Behind these deities come a series of chariots accompanied by walking figures. First of these is the chariot of Zeus and Hera. Their pole horses have topknots and hold their heads up high; the following horses hold their heads down. Zeus holds his thunderbolt, whip and reins, and wears a long white peplos and mantle. Hera, beside him, wears a figured peplos and mantle, and holds her mantle with her left hand. Their chariot is accompanied by the first group of nine Muses: here, Kalliope, full frontal and playing the Pan-pipes (syrinx), and Ourania, her hair tied in a bun, wearing a figured peplos and holding her left hand in the air.
The next two chariots are to be imagined as passing behind the handle of the vase: only the horses are visible, while the chariots are out of view as if hidden by the handle. The invisible figures are, however, labelled as Poseidon (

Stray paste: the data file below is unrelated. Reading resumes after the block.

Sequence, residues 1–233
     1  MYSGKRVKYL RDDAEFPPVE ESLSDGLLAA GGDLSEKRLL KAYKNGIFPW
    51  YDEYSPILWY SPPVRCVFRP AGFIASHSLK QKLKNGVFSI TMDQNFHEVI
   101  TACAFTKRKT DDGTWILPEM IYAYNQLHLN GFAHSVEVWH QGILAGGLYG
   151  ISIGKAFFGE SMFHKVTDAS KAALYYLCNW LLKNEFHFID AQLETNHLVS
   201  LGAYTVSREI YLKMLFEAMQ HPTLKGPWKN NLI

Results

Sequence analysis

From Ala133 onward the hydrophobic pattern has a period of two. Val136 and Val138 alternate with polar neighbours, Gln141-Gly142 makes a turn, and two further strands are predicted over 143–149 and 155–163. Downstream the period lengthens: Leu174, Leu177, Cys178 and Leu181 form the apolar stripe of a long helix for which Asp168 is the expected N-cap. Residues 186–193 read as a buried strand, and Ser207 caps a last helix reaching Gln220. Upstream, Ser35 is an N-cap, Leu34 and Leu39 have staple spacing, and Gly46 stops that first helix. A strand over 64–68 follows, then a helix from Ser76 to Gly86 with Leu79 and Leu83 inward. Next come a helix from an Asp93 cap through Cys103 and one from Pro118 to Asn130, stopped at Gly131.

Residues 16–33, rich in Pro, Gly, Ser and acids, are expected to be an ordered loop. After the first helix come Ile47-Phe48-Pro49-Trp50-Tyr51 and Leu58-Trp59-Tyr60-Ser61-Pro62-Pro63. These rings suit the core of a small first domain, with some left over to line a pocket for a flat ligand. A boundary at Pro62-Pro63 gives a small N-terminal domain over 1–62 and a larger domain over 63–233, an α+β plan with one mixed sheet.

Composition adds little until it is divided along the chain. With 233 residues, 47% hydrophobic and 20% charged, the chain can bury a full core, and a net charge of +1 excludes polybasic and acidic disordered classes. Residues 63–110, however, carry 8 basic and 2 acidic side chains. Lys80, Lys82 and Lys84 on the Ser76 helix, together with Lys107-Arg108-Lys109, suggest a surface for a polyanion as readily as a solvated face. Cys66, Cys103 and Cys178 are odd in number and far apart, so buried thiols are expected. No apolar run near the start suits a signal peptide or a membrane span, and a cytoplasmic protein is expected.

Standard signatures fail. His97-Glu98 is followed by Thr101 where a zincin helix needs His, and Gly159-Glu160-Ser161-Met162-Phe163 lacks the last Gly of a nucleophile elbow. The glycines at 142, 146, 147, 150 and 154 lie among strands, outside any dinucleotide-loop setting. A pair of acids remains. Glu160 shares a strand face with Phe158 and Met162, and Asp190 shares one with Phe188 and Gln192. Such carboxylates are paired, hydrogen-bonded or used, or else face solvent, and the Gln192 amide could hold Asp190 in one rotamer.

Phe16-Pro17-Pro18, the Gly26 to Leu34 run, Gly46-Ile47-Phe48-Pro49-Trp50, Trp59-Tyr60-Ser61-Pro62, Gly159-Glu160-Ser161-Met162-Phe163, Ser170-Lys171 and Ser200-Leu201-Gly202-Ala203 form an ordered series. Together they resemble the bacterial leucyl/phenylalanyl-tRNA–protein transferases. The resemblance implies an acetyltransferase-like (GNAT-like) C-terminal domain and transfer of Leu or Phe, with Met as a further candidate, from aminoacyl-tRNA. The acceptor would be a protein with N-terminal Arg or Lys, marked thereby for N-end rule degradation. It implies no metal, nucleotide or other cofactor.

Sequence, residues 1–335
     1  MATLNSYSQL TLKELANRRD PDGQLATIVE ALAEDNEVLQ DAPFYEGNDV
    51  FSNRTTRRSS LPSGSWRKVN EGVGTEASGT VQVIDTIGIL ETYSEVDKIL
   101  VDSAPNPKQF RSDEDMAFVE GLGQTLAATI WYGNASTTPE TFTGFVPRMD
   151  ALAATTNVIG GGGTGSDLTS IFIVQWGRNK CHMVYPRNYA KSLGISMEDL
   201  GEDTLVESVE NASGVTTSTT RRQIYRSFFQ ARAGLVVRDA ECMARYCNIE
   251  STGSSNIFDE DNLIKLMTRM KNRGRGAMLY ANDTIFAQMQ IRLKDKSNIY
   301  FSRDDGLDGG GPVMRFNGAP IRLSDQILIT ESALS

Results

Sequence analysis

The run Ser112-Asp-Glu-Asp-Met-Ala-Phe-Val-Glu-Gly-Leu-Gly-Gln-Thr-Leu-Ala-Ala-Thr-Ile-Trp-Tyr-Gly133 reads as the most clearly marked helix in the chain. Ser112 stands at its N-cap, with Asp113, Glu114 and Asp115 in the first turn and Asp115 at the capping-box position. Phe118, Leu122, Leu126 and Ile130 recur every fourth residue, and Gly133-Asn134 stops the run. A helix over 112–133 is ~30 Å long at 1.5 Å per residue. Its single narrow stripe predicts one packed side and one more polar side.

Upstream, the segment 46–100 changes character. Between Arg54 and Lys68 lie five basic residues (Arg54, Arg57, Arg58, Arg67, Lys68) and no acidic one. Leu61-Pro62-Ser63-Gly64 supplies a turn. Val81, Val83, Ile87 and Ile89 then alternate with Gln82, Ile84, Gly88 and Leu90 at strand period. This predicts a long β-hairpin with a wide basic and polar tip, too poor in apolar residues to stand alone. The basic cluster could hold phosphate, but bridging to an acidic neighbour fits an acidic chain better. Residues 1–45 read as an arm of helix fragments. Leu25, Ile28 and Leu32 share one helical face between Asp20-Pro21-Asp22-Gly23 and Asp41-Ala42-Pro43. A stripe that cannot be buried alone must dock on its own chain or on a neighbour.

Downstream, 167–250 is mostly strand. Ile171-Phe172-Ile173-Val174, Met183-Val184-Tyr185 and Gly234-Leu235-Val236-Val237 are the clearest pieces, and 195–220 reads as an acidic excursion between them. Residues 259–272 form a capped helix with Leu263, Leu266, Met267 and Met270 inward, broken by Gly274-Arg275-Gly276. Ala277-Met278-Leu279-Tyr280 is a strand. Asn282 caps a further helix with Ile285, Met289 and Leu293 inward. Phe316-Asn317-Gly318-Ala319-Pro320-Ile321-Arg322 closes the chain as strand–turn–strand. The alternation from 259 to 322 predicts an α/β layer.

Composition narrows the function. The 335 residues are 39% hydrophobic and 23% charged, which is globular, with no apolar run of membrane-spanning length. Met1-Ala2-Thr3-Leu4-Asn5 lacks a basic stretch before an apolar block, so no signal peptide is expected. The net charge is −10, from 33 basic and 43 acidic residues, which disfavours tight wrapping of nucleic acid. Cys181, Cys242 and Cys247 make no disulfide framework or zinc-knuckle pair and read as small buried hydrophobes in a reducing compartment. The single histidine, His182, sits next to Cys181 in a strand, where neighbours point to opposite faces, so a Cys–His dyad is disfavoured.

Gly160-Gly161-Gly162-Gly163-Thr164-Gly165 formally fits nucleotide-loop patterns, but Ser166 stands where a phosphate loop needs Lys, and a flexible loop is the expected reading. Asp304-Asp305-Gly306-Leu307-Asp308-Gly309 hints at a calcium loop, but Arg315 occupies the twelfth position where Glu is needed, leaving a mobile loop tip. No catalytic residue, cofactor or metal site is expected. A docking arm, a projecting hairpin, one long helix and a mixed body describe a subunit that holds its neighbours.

On the other side of the vase, the first chariots are less well preserved. The first carried Apollo and perhaps his mother Leto, accompanied by Nymphs or Charites; only the feet of the figures are preserved while the labels are all lost. Behind comes a chariot driven by Athena, carrying another goddess whose name is lost, but who is probably Artemis (by analogy to the dinos by Sophilos,
The next chariot is driven by Hermes, accompanied by his mother Maia. He is bearded, and carries the caduceus, whip and reins. Maia wears a long peplos and lifts one side of her mantle. In front of the horses are four Moirai, holding hands, one of whom wears another figured embroidered peplos, the others different, less elaborate peploi. The last chariot is hardly preserved, and its driver and passenger are uncertain; Tethys is one conjecture. Behind the last chariot is Okeanos, of whom only the bull-like neck and ear are preserved (cf.